Distributed application tamper detection via continuous software updates

Christian S Collberg, Sam Martin, Jonathan Myers, Jasvir Nagra

Research output: Chapter in Book/Report/Conference proceedingConference contribution

33 Scopus citations

Abstract

We present a new general technique for protecting clients in distributed systems against Remote Man-at-the-end (R-MATE) attacks. Such attacks occur in settings where an adversary has physical access to an untrusted client device and can obtain an advantage from tampering with the hardware itself or the software it contains. In our system, the trusted server overwhelms the analytical abilities of the untrusted client by continuously and automatically generating and pushing to him diverse client code variants. The diversity subsystem employs a set of primitive code transformations that provide an ever-changing attack target for the adversary, making tampering difficult without this being detected by the server.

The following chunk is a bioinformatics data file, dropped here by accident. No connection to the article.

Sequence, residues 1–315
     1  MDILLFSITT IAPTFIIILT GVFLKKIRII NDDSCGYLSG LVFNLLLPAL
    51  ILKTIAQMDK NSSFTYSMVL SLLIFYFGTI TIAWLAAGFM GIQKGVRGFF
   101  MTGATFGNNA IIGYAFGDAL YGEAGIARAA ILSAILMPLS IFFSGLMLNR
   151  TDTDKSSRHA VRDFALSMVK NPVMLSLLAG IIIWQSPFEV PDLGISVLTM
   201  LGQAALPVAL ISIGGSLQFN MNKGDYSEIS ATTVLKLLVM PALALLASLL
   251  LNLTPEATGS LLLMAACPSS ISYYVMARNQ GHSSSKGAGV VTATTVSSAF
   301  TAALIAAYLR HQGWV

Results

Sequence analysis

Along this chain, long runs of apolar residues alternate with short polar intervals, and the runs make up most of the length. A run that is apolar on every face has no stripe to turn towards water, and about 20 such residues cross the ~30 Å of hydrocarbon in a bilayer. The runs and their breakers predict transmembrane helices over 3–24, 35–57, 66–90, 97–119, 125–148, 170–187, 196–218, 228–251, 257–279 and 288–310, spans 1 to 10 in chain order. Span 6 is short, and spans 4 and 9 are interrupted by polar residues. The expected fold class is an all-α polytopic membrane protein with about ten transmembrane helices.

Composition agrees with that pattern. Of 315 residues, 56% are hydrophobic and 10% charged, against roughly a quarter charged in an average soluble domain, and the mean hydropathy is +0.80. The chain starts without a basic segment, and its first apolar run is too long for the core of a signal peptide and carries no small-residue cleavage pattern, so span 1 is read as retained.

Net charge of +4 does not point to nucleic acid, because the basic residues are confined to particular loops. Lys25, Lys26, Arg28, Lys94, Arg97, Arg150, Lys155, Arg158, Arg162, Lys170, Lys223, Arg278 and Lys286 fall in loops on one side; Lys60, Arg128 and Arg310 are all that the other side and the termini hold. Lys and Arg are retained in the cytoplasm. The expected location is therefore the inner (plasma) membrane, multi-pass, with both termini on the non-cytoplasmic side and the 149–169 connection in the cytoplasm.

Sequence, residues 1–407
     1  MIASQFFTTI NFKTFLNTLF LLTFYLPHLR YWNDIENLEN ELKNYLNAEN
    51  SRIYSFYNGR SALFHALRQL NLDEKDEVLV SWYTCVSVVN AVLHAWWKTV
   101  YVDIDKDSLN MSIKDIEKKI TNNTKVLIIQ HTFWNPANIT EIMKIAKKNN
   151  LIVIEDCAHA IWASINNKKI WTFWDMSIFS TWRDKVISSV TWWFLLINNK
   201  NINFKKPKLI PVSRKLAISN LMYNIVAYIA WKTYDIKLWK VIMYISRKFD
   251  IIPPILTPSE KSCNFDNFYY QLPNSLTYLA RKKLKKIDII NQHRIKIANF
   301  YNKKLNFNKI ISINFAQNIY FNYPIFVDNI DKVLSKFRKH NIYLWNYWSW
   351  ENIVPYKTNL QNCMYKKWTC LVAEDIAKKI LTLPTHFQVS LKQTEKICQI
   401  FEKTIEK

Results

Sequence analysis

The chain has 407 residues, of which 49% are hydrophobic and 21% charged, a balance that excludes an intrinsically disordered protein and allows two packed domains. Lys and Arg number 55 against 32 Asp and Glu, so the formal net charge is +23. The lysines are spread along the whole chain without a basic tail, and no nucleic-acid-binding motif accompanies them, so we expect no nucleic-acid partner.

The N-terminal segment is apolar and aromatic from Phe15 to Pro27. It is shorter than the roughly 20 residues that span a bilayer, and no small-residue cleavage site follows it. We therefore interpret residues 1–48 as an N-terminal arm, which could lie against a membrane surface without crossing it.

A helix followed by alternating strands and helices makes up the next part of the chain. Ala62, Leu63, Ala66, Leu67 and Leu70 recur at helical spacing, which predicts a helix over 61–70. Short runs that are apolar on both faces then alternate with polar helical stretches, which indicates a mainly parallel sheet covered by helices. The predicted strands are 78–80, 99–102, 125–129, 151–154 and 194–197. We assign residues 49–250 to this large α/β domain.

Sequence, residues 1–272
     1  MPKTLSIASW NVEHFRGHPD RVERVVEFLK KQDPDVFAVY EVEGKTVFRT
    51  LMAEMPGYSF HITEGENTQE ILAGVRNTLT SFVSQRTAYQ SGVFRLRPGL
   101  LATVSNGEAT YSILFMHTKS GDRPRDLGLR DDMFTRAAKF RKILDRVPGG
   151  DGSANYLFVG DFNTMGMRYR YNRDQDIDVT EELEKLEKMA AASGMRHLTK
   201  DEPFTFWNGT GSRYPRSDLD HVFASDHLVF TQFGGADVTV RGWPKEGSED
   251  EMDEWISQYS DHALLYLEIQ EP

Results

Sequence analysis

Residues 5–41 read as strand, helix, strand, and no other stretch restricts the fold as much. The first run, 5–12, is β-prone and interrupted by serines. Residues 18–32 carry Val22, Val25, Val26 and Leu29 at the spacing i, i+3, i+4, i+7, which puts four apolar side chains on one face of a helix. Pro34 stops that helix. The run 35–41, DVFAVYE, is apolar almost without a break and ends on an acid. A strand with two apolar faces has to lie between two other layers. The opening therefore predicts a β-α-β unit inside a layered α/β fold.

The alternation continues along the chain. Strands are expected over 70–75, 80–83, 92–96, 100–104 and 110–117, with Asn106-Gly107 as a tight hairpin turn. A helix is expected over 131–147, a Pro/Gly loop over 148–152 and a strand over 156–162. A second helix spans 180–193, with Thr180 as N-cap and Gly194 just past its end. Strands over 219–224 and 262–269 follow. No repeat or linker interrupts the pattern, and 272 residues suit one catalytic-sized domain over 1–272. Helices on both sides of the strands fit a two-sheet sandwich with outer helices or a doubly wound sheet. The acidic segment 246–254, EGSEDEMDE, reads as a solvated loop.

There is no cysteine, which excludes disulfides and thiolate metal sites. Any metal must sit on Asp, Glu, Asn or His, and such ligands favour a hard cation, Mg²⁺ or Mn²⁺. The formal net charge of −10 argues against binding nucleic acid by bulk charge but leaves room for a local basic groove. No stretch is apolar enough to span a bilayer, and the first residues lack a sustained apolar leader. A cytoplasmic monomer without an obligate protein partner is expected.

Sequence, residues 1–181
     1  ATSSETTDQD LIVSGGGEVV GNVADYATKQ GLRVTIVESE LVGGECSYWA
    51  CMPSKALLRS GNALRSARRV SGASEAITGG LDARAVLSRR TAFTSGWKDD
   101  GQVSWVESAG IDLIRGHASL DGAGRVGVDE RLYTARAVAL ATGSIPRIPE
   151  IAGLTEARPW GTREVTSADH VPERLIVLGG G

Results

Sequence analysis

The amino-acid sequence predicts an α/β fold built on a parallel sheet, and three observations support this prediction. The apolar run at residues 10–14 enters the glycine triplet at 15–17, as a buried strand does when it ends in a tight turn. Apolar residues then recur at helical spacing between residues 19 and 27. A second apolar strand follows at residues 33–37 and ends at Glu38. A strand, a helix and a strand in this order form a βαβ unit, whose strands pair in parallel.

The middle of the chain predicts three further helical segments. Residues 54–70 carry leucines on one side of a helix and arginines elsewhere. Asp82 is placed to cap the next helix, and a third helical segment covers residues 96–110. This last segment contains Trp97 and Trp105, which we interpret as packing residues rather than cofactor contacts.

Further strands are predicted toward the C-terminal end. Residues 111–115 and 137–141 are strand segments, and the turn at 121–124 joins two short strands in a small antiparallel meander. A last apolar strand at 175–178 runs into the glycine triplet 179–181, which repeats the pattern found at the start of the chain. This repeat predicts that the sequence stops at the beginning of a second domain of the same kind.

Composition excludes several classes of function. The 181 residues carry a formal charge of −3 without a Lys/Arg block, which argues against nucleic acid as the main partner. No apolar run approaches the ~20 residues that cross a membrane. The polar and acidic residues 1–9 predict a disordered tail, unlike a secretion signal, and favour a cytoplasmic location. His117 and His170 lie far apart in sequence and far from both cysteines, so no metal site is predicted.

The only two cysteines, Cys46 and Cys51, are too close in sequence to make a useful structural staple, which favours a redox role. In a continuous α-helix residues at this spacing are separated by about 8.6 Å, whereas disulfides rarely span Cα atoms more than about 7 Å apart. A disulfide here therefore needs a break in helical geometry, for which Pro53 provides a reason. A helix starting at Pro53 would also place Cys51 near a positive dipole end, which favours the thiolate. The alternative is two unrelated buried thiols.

Original languageEnglish (US)
Title of host publicationACM International Conference Proceeding Series
Pages319-328
Number of pages10
DOIs
Publication statusPublished - 2012
Event28th Annual Computer Security Applications Conference, ACSAC 2012 - Orlando, FL, United States
Duration: Dec 3 2012Dec 7 2012

Other

Other28th Annual Computer Security Applications Conference, ACSAC 2012
CountryUnited States
CityOrlando, FL
Period12/3/1212/7/12

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Keywords

  • Distributed systems
  • Security
  • Software protection

ASJC Scopus subject areas

  • Human-Computer Interaction
  • Computer Networks and Communications
  • Computer Vision and Pattern Recognition
  • Software

Cite this

Collberg, C. S., Martin, S., Myers, J., & Nagra, J. (2012). Distributed application tamper detection via continuous software updates. In ACM International Conference Proceeding Series (pp. 319-328) https://doi.org/10.1145/2420950.2420997